The study concluded that by eliminating these extra expenses, a computerized system could save each of the community hospitals an average of $2.7 million a year, said Mitchell Adams, executive director of the Massachusetts Technology Collaborative, a nonprofit organization focused on the state’s high-tech economy and the other group involved in the study. Adams said any hospital putting the system in place would recoup its cost in about two years. The two nonprofits called on hospitals to install the computerized systems within three years.

The researchers reviewed a total of 4,200 randomly selected patient medical charts at the six community hospitals, covering stays from January 2005 to August 2006. An average of 10.4 percent of patients suffered a preventable “adverse drug event” – defined as a case in which the patient was given a drug even though the medical records noted that the medication could trigger a drug allergy or that the dose given would exacerbate a medical condition. Medication errors were counted only when patients suffered serious reactions, including going into shock or suffering kidney failure. In nearly every instance, the patients remained in the hospital longer to recover from the mistake. Nobody died from any of the mistakes, researchers said.

Everett said the study’s findings can be “generalized to all hospitals” without such computerized systems, and indicate that prescription errors are often made in the rushed hospital atmosphere. She recommended that patients inquire about a hospital’s patient-safety systems, and ask medical staff to double-check dosages and names of all medications given.

“I’d demand it,” she said.

Bates said some doctors have worried that the computerized system requires them to spend precious time entering data – one study put it at 20 minutes a day, but also found that, over the long haul, doctors saved time through the centralization of records. He said the system has many benefits for nurses and pharmacists who can easily find all the information in one place.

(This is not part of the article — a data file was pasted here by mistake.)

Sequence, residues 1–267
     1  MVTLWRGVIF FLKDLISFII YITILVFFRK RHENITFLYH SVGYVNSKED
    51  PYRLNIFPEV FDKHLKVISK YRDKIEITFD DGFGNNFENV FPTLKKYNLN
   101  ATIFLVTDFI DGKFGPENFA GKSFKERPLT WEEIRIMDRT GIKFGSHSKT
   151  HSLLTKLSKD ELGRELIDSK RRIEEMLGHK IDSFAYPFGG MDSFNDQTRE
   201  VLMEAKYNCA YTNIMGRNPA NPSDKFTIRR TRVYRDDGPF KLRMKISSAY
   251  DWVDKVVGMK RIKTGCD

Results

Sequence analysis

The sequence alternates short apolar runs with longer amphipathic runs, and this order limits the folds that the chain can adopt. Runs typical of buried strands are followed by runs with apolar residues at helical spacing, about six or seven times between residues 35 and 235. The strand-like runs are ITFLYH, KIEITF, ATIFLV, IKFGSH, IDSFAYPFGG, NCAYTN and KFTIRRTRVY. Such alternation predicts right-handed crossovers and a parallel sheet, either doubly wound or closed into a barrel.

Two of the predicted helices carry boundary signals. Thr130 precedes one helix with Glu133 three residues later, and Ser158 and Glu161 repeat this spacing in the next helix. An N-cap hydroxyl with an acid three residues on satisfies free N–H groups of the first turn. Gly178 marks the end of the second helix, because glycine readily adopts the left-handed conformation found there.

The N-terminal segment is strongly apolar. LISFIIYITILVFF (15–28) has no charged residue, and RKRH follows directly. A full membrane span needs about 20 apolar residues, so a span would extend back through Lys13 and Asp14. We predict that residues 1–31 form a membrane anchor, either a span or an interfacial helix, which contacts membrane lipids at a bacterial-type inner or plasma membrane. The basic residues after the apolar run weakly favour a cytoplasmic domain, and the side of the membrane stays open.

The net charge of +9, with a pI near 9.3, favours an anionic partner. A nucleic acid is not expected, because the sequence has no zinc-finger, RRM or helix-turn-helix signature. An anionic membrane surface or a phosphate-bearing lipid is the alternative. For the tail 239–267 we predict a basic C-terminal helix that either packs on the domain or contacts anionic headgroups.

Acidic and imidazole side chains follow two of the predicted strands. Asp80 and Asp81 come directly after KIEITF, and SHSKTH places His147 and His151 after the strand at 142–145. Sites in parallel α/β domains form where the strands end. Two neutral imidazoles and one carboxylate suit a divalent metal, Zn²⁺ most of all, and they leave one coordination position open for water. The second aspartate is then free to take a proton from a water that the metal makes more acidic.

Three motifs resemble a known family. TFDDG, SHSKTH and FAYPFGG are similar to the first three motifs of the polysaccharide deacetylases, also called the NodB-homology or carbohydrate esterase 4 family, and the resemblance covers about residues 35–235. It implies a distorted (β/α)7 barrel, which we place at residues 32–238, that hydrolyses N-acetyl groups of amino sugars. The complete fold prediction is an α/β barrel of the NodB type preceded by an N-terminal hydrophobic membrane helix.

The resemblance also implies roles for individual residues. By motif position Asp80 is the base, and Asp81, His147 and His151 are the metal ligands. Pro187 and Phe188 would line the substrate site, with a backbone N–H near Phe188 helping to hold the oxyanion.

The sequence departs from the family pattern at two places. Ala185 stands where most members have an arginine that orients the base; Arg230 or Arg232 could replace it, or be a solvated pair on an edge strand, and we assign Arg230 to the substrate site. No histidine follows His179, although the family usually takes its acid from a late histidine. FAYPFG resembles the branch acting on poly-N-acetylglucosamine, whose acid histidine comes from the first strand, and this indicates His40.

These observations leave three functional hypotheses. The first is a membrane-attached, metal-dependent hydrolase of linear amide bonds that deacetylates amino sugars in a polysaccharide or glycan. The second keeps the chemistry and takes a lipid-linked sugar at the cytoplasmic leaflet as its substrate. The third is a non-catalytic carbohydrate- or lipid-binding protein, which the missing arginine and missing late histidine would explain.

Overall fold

Adams said he hopes the study’s results will spur more medical insurers, government officials, and healthcare providers to pressure the state’s hospitals to adopt the computerized system. “We must speed up the adoption of this technology in every hospital in Massachusetts,” he said., February 13, 2008 – Many New York City hospitals are expanding their emergency departments and offering targeted services as part of an effort to increase revenue and meet the demands of large numbers of uninsured patients seeking treatment, the New York Times reports. Hospitals also are working to reorganize their EDs, “with the intention of turning the mayhem into, at a minimum, a more organized kind of chaos,” according to the Times. Efforts include adding private rooms; retaining art therapists to entertain children in the waiting room; assigning “navigators” to assist uninsured patients in completing paperwork; and instituting “fast-track systems,” which divide EDs into areas for the less-seriously and more-seriously injured, the Times reports.

Many hospitals are “aggressively marketing the virtues of their remodeled and expanded” EDs because the departments “remain vital points of entry for paying patients whose eventual admission accounts for needed revenue,” according to the Times. The efforts come as New York City EDs work to deal with rising numbers of uninsured patients; rapid population growth; a shortage of primary care physicians; and President Bush’s proposed cuts to Medicare and Medicaid. Many New York hospitals also are trying to deal with an influx of patients who normally would have sought care at hospitals that were closed, merged with other hospitals or will close, as recommended by a state commission in 2006 (Kershaw, New York Times, 2/12).